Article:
Anderson and Co did little to improve the situation by releasing the execrable TOO OLD TO ROCK’N’ROLL: TOO YOUNG TO DIE! (1976) {*4}, a record (like many other fading prog-star sets) pandering to nostalgia and the ever-evolving and fickle world of popular music. Based upon a shelved stage musical about a 50s-styled biker/glam-rocker, it hit a low point both critically and commercially, with only brief sojourns into the Top 30’s on both sides of the Atlantic.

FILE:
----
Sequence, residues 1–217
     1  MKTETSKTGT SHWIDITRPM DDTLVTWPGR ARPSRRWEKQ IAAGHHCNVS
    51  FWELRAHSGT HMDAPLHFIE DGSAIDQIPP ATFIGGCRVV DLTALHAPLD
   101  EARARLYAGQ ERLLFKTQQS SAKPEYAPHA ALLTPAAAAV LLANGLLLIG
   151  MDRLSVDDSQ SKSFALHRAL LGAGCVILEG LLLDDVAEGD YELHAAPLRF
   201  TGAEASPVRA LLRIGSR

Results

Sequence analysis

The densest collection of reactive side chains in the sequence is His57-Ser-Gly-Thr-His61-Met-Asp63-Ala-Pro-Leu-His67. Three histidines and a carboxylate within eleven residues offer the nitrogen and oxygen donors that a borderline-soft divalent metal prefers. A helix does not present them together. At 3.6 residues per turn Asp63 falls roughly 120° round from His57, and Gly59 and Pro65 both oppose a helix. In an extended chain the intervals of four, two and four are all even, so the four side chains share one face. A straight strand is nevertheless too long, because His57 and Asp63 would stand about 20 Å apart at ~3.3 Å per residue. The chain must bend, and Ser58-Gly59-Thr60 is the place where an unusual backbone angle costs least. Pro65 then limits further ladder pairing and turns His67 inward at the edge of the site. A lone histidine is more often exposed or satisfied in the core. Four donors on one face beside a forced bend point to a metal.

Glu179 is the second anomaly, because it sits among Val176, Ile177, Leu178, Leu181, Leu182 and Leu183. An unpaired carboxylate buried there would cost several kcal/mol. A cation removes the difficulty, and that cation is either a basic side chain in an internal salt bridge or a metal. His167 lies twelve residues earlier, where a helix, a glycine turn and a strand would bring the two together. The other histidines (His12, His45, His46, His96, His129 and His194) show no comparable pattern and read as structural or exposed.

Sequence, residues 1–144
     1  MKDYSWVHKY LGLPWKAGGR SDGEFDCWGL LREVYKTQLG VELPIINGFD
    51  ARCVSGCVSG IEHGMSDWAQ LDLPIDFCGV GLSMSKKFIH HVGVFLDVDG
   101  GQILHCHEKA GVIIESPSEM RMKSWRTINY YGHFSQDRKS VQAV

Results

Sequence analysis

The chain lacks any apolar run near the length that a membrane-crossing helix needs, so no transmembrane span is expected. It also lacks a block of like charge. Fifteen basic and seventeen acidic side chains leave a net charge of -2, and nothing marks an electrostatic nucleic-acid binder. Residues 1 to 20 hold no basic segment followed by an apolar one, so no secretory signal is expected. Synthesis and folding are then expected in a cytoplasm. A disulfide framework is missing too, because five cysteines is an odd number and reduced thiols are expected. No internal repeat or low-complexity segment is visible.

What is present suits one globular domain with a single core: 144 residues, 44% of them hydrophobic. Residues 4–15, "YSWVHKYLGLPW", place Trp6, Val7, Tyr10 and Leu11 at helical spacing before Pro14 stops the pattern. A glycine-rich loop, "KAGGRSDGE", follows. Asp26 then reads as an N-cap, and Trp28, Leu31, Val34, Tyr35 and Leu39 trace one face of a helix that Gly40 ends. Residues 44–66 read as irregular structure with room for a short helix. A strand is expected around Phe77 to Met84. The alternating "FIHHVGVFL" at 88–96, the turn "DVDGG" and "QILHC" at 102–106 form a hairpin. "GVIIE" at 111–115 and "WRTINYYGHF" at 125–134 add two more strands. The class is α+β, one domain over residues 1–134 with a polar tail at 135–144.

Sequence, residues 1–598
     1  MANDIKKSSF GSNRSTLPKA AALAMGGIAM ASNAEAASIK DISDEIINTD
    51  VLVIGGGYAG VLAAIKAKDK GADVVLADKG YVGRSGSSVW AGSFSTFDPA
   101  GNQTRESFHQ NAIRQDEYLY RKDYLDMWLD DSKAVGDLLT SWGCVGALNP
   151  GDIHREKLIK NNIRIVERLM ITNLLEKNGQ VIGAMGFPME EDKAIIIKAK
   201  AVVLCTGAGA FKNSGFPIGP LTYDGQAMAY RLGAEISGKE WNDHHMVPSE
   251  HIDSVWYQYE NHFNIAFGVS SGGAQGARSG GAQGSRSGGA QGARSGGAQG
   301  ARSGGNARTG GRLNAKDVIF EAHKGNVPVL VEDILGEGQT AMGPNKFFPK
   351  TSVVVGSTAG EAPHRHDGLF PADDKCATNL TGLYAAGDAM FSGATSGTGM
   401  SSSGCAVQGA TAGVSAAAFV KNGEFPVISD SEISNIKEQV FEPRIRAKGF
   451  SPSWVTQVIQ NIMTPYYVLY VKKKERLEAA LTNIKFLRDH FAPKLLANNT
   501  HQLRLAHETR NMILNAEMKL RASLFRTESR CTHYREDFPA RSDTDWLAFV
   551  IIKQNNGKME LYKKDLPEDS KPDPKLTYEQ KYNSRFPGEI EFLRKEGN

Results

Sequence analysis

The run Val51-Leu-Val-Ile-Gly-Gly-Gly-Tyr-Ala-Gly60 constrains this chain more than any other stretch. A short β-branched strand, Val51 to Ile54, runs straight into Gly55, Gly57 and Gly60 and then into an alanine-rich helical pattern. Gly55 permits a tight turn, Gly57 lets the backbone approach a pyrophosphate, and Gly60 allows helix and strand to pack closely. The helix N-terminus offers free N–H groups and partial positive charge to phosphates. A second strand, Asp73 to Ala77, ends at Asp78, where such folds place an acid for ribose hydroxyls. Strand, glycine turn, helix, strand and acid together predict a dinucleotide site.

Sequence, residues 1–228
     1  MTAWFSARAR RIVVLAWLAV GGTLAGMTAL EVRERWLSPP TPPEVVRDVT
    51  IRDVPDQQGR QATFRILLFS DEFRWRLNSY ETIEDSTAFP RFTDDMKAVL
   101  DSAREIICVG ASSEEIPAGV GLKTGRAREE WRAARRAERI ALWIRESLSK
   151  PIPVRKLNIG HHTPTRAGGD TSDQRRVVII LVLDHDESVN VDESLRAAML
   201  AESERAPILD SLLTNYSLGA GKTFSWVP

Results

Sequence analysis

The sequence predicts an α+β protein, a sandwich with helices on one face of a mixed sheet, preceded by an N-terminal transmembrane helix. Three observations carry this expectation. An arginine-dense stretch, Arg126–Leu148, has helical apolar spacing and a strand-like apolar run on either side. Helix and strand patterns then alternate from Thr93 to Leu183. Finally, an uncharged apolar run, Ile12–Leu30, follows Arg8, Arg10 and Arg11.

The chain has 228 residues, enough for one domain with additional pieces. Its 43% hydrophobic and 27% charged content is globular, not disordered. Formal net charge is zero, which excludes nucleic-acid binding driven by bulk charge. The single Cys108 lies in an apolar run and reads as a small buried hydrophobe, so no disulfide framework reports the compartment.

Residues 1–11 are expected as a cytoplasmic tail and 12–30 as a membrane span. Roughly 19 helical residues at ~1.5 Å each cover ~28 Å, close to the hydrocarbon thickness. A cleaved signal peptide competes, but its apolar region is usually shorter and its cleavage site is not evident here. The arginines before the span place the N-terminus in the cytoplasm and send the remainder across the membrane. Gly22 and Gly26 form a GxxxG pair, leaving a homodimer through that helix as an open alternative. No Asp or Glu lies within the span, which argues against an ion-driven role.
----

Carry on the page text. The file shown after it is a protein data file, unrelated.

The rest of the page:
Subsequently cast into the ghetto pit of eternal un-hipster-ness with the onslaught of punk, JETHRO TULL carried on unhindered, their live shows attracting hordes of die-hard fans; the festive-fuelled `Ring Out, Solstice Bells’ (a UK Top 30 entry), was a benchmark for two full-blown folk-rock sets, SONGS FROM THE WOOD (1977) {*7} and HEAVY HORSES (1978) {*7}. The first of these with a line-up of Anderson (of course), guitarist Martin Barre, drummer Barriemore Barlow, bassist John Glascock (a recent acquisition from 1976) and long-time arranger/orchestrator/keyboard player David Palmer, SONGS… was their nicest effort since ’72, a record of acoustic/electric folk-like dirges such as `Jack-in-the-Green’, `The Whistler’, the 8-minute `Pibroch (Cap In Hand)’, the title track and the aforementioned Christmas ditty. Equally light and pretty but celebrating the English shires (well, at least their equine beasts), the thematic HEAVY… gave JETHRO TULL another folk-rock-meets-prog beaut. From the opening `And The Mouse Police Never Sleeps’, to the MIKE OLDFIELD-esque `Acres Wild’, to period-piece `Moths’, the record, like its predecessor had an inner beauty beneath all JT’s hard-rock outer skin. Displaying a concert in Europe, double-set BURSTING OUT – JETHRO TULL LIVE (1978) {*6} saw rock’s “Minstrel In The Gallery”-Anderson and Co capture a widely enthusiastic audience.